Lessons on Expulsion Read Online Free - An award-winning and hard-hitting new voice in contemporary American poetry
The first time I ever came the light was weak and carnivorous.
I covered my eyes and the night cleared its dumb throat.
I heard my mother wringing her hands the next morning.
Of course I put my underwear on backwards, of course the elastic didn't work.
What I wanted most at that moment was a sandwich.
But I just nursed on this leather whip.
I just splattered my sheets with my sadness.
—from “Poem of My Humiliations”
“What is life but a cross / over rotten water?” Poet, novelist, and essayist Erika L. Sánchez’s powerful debut poetry collection explores what it means to live on both sides of the border—the border between countries, languages, despair and possibility, and the living and the dead. Sánchez tells her own story as the daughter of undocumented Mexican immigrants and as part of a family steeped in faith, work, grief, and expectations. The poems confront sex, shame, race, and an America roiling with xenophobia, violence, and laws of suspicion and suppression. With candor and urgency, and with the unblinking eyes of a journalist, Sánchez roves from the individual life into the lives of sex workers, narco-traffickers, factory laborers, artists, and lovers. What emerges is a powerful, multifaceted portrait of survival. Lessons on Expulsion is the first book by a vibrant, essential new writer now breaking into the national literary landscape.
|Title||:||Lessons on Expulsion|
|Number of Pages||:||96 pages|
December 27, 2017
A moving, often sad, collection of poems.
Erika Sanchez is the daughter of Mexican immigrants and her poems are filled with their struggles and her own. Her feeling like she has failed to be their ideal daughter. Sex and its pleasures and its failures. Suicide attempts and mass murders in Brazil a...
April 07, 2017
Startling, assertive, wild, & wonderful. One of my favorite collections so far this year.
July 30, 2017
While the collection of poems is well-written, it returns to the same well, over and over again, throughout. If a poem isn't about the debasement of sex (in general), it has to use either "Shit" or "Excrement" as a metaphor. Overall, the poems weren't my cup of tea. A lot of were ugly and/or unpl...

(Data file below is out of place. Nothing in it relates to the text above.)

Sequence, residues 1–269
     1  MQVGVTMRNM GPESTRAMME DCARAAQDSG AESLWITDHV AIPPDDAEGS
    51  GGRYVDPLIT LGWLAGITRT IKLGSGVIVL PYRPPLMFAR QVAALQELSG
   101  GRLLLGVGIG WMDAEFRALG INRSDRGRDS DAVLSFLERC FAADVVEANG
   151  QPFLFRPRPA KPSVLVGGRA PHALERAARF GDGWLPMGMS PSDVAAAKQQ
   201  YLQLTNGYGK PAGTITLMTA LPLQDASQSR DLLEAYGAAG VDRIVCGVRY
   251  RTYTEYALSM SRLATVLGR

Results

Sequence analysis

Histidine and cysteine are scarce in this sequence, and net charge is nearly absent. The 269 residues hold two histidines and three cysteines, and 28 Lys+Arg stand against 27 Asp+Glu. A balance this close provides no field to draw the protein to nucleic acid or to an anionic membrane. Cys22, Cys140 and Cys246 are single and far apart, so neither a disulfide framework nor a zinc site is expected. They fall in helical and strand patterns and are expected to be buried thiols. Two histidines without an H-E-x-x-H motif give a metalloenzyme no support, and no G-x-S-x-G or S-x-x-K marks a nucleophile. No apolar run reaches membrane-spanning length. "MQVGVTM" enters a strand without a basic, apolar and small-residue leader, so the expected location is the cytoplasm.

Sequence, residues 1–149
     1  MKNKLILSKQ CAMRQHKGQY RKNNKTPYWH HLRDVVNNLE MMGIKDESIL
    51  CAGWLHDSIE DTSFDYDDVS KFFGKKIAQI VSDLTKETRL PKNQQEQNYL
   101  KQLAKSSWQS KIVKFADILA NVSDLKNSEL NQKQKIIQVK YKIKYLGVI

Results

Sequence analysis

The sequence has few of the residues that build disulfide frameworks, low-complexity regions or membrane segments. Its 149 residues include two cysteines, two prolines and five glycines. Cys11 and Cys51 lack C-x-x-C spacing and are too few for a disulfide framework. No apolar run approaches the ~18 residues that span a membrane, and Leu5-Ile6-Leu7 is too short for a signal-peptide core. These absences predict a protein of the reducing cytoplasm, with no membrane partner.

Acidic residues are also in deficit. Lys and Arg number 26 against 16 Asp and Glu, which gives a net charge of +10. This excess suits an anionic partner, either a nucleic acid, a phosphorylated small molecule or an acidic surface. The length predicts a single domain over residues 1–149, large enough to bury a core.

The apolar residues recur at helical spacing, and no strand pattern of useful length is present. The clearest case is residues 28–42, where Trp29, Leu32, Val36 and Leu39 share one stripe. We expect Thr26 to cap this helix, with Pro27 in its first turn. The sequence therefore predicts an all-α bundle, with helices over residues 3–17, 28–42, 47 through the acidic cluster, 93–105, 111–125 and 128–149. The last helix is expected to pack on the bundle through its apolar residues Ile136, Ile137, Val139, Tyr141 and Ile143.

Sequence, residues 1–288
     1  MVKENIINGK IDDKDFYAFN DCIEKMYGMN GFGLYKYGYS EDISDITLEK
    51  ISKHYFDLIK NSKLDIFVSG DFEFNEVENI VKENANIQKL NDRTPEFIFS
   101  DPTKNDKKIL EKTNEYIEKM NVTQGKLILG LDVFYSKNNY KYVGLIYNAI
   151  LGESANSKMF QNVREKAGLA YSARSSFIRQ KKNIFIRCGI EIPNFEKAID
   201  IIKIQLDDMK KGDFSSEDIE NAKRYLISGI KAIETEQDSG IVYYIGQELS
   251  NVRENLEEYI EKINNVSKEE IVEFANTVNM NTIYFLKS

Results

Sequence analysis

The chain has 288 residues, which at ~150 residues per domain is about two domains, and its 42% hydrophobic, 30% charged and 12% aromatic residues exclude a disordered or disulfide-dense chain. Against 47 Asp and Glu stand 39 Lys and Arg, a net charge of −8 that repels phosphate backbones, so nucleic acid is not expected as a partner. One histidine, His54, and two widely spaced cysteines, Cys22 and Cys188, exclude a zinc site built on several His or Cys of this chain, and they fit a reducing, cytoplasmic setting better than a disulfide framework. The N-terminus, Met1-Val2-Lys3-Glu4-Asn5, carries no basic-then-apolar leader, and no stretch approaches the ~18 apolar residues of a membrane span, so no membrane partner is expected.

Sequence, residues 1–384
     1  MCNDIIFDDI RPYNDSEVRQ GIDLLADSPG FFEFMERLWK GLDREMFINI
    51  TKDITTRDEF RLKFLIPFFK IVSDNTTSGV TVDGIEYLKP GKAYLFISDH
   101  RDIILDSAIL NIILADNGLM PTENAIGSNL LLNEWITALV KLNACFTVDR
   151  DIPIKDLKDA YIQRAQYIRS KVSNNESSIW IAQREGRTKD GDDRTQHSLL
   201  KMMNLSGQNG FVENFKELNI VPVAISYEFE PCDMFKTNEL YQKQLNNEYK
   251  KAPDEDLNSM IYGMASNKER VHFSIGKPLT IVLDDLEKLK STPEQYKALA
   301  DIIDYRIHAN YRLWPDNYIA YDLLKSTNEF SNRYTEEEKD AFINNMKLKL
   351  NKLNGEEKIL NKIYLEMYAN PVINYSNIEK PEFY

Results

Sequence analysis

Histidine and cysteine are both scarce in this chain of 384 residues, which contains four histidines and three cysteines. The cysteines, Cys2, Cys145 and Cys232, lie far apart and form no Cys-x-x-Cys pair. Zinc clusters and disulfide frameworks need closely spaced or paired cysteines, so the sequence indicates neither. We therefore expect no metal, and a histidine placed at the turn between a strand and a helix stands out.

June 30, 2017
One of those collections where it feels like sparks flying from the author's brain to yours.
November 05, 2017
July 09, 2017
What's all the fuss about this collection for? These days it seems all it takes to be hailed as a poet is to string together some dark imagery from your deeply dysfunctional life (bonus points if you are from one marginalized group or another so that middle America can be delightfully shocked and...
November 17, 2017
Poetry, poetry. Always something I’m either really into or something I’m completely indifferent toward. Erika L. Sánchez’s debut collection, Lessons on Expulsion is one I’m absolutely, without a doubt, very, very into. This is the kind of poetry I like: dark, a little despairing, very honest, sup...
November 09, 2017
Excellent collection of poetry - I've been excited to read it since seeing it advertised on Graywolf's Instagram. Sánchez is real, honest, and unforgiving in her accounts of cultural identity, sexual awakening, and personal struggles. The poems crackle with language and images as authentic as the...
January 28, 2018
From the very first poem--wow! I can't find anything to complain about when it comes to this chapbook. It had me looking crazy in public because I was kicking, squealing, crying, pulling my hair out and more. This is a fine example of how a chapbook should be. Lingering. A new favorite and I look...
January 14, 2018
A debut book of poetry from 2017, Sanchez has exploded onto the scene.
She writes with a lyrical toughness and raw energy that brings each poem
right into your face. A feminist perspective on immigration, migrants, misogyny,
love and sex, and the violent underworld of Mexico. She takes on a lot and...